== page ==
Spotlight Exclusives

Tailoring Assistance, By Margaret C. Simms, Senior Fellow at the Urban Institute

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Thetime has come for us to civilize ourselves by the total, direct and immediateabolition of poverty.–  Martin LutherKing, Jr., Where Do We Go from Here: Chaos or Community?, 1967


It has been said that we are entering a new era ofgovernment policy.  If so, it could be anopportune time to belatedly heed the call of Dr. Martin Luther King and revampour policies toward the poor. Over the past decade we have moved from a set ofpolicies that provided cash assistance (mostly inadequate) to people who werein need (by standards set by the government) to one in which those who can workare expected to do so.  In the process,we have ignored the fact that the poor are not a homogenous group of people,all of whom can and will work if they have no other means of support.  They are, in fact, quite diverse.  Recognizing this diversity is a necessary prerequisitefor developing effective antipoverty policies.


According to the U.S. Census Bureau, 12.5 percent of theU.S.population (over 37 million) was below the poverty line in 2007.  While non-Hispanic whites are the largestgroup in poverty (16 million, or 43 percent of the total), the povertypopulation is disproportionately minority. Over one-quarter are African American and a similar percentage areHispanics of all races.  Childrenconstitute a third of the poverty population, many of them living in single-motherfamilies.  If we do not address the needsof these children, we don۪t just fail to reduce the current poverty population,we multiply our future problems.  Poorchildren often lack access to the services and opportunities needed to move upthe economic ladder when they reach adulthood unless the public sector providesthat access.


The breakdown of children in poverty shows them almostequally divided by race and ethnicity, with each major group (non-Hispanicwhites, African Americans, and Hispanics) constituting about one-third of thetotal. But the chances of being poor are higher if you are an African Americanor Hispanic child than if you are an Asian or non-Hispanic white child.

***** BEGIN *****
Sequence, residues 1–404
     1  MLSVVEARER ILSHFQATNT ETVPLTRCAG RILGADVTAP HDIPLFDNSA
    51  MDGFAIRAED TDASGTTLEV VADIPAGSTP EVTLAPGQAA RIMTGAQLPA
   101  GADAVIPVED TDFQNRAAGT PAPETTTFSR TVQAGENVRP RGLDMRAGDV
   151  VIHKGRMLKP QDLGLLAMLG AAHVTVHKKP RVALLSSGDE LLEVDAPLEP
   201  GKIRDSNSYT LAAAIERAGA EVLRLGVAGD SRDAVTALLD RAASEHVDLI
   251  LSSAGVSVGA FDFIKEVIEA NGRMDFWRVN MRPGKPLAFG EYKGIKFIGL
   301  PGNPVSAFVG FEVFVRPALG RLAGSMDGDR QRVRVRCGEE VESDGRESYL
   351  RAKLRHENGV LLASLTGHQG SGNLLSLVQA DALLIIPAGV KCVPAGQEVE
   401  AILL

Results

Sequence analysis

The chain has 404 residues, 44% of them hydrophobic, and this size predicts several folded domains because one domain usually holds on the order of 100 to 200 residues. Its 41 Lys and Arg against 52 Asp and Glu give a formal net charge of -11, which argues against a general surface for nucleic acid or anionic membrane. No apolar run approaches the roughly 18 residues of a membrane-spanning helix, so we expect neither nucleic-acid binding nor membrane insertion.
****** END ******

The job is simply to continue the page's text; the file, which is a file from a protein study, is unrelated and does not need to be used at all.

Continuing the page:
The chance of being poor is also higher if the child isin a female-headed family.  Fifty-ninepercent of poor children are in female-headed families, and the poverty ratefor children in these families is 43 percent. Put these two factors togetherbeing an African American or Hispanicchild living in a female-headed family and you have a one in two chance ofbeing poor, compared with a one in three chance if you are a white child in afemale-headed family.


Approximately 22 percent of all children in the United States underthe age of 18 are the children of immigrants. The poverty rate among these children(slightly more than one-half of whom are Hispanic) is nearly 40 percent higherthan it is among children of the native born. One-half of these children are in low-income families, despite the factthat their parents have relatively high work effort.


Clearly any strategy for reducing poverty in the long runmust reach children.  But doing so ofteninvolves helping their parents or other adults in the households in which theylive.  Over the past decade, our principalstrategy for doing this has been through promoting work effort.  Knowing more about the characteristics ofthese families helps us assess what strategies are likely to be effective inhelping them escape poverty.


At the present time, finding and keeping a job is achallenge for many workers.  But it maybe especially true for those in poor or low-income (below 200 percent of thepoverty line) families.  As we thinkabout how to expand employment opportunities for these individuals, we shouldkeep their special circumstances in mind.